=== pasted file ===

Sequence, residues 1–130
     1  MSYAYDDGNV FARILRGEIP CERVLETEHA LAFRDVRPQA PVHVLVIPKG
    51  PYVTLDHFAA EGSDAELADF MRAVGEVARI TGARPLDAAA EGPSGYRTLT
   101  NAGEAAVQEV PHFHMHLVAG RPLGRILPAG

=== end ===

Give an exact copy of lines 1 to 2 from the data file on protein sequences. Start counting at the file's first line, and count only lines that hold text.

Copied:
Sequence, residues 1–130
     1  MSYAYDDGNV FARILRGEIP CERVLETEHA LAFRDVRPQA PVHVLVIPKG